• Road and Track's Jason Cammisa states a turbocharged base 911 model does not make sense and this is why he is wrong

      It is always amusing when the 'professionals' get things wrong. Road and Track has been around for quite a while and usually does good work. Their latest article on the rumored turbocharged 991.2 facelift (or 992 successor) not making sense is not their best work. Their 'senior editor' Jason Cammisa states that displacement is not the enemy as his argument against turbocharging the base 911 model. He is wrong as displacement is the enemy in the 911.

      Cammisa uses the 6.2 liter V8 LT4 from the C7 Corvette as evidence of a motor not needing to be turbocharged. He is partially correct here as an engine does not need to be turbocharged to offer good performance or good fuel economy especially with high compression direct injection motors these days. However, the only reason the LT4 works so well in the C7 Corvette is due to its displacement. It can run in four cylinder mode to save fuel because it is a 6.2 liter V8. Cutting a 3.4 liter 911 flat-6 in half to save fuel will not offer the same torque or power as the LT4 when it is running on half its cylinders.

      Turbocharging will eventually be used throughout the entire Porsche model lineup (with the GT3 likely the only exception). Porsche is not going to cram a big V8 under the hood of the 911 or Cayman. We know a new family of boxer turbocharged four-cylinder motors are coming and will be used in the Cayman and Boxster. It is just a matter of time before the 911 lineup becomes turbocharged as well likely using this same engine family.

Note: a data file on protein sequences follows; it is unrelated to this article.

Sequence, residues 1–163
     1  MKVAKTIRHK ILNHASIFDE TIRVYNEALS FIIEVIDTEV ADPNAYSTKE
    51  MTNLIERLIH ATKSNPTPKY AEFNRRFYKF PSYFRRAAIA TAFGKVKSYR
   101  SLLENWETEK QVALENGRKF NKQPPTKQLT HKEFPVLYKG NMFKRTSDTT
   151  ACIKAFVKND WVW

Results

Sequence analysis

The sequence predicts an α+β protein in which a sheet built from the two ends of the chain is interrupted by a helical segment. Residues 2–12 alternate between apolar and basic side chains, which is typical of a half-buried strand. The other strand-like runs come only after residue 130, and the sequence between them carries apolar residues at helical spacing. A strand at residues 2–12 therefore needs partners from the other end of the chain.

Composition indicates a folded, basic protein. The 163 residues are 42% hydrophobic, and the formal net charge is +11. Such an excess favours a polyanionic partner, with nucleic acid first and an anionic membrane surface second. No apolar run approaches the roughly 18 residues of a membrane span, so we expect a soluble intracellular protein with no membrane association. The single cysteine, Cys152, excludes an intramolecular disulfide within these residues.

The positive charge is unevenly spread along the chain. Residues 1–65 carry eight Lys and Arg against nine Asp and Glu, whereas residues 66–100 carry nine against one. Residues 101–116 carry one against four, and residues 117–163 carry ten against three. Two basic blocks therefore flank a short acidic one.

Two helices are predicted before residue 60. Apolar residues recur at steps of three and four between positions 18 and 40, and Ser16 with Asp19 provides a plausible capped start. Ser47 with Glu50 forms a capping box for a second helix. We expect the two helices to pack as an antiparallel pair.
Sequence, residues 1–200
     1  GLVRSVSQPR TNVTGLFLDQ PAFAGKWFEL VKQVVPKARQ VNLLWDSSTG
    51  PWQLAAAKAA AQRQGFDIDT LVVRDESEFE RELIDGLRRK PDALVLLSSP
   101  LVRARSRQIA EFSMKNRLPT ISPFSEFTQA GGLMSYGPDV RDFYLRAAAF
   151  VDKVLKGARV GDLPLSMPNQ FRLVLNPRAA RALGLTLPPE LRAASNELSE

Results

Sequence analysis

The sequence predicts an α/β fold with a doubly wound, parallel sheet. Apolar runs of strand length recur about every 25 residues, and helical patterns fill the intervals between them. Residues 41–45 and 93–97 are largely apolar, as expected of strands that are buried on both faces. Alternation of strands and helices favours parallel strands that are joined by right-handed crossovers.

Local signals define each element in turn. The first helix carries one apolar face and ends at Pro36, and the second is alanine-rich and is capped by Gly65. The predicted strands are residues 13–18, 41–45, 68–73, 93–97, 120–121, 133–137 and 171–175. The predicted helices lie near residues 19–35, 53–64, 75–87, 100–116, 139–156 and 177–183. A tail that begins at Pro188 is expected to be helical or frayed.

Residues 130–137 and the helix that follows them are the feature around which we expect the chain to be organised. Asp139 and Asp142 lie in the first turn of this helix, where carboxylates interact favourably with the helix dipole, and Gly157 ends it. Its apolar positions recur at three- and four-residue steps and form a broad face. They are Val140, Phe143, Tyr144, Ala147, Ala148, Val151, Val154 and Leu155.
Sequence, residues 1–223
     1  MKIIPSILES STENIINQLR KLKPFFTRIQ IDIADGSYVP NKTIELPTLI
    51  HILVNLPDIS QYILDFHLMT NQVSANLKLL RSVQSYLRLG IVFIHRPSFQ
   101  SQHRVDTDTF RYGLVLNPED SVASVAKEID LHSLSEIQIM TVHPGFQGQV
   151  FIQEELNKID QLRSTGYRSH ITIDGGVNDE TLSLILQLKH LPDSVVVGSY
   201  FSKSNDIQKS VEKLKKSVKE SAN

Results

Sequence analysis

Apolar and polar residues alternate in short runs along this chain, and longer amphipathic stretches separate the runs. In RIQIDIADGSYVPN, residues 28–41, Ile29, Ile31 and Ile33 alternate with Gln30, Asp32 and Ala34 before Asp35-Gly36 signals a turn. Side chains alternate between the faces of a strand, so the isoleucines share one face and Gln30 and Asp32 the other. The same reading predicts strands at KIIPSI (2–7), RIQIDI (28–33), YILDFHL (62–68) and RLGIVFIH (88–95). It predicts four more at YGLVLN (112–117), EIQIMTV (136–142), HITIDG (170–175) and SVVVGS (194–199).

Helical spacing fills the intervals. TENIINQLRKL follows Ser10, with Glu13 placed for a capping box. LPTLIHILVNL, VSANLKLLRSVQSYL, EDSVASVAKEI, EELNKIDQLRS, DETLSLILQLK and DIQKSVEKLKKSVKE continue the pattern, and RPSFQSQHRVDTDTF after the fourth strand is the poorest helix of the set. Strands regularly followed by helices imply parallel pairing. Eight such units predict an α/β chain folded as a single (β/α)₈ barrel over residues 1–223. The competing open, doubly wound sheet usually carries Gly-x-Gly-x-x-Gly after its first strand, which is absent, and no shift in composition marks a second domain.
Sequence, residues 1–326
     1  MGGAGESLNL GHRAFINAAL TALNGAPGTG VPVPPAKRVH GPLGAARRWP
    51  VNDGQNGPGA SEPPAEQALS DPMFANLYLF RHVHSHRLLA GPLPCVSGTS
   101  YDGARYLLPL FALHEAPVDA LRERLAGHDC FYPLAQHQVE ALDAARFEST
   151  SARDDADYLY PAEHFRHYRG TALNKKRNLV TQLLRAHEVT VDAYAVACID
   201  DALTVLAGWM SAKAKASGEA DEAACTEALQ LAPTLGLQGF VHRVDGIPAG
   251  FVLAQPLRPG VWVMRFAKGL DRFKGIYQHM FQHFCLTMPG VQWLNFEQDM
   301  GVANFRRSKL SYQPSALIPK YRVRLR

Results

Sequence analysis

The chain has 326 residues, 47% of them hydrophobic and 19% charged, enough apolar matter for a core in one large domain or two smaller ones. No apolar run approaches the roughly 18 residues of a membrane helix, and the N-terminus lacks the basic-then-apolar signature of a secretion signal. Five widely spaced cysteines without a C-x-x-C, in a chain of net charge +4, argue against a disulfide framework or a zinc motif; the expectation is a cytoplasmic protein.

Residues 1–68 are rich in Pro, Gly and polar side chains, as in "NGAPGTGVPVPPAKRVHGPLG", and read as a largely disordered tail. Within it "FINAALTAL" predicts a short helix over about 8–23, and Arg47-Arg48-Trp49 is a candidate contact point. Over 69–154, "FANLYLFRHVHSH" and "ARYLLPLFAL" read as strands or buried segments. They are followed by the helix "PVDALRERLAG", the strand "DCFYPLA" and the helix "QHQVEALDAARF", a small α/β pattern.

The article by Road and Track's Jason Cammisa can hardly be called an article. It's garbage. The Porsche flat-6 in naturally aspirated form can not be pushed much further. Displacement actually is the enemy. What are they supposed to do exactly? The GT3 already shows the limits of the engine in street trim. Porsche can probably take it to 4.0 liters, maybe 4.2, and that is it. What is next? 10,000 rpm (and greater reliability issues) redlines? That is not going to help fuel economy as if it did BMW M would still be using their high revving naturally aspirated motors instead of going the turbocharged route. High revving motors do consume more fuel than their turbocharged lower displacement counterparts despite Cammisa's claim this is not true based on nothing more than his opinion.

      Additionally, he states the 911 is the not the problem but that instead Porsche's sedans and SUV's need to become more fuel efficient. Um, Jason, did you happen to notice that the Panamera S ditched its V8 for a turbo V6 and the Cayenne S is doing the same thing? They gain torque, power, and efficiency by doing so. How have you missed this?

      The 911 is not a Corvette. It does not have a big V8 that can comfortably offer enough torque to keep revs low or move the car relatively easily when running on half the cylinders. Applying the GM LT4 V8 to the 911 lineup does not make sense with the current flat-6 architecture. These are completely different cars with completely different motors.

      Cammisa concludes his article stating that the 3.8 liter flat-6 engine of the 991 Carrera S gets 1 MPG better than the LT4 in the Corvette. Would it get that 1 MPG better than the Corvette if it had the same output? Illogical comparisons make for illogical conclusions. Are you hiring Road and Track? Because you need someone who can do better than this:

      This article was originally published in forum thread: Road and Track's Jason Cammisa states a turbocharged base 911 model does not make sense and this is why he is wrong started by Sticky View original post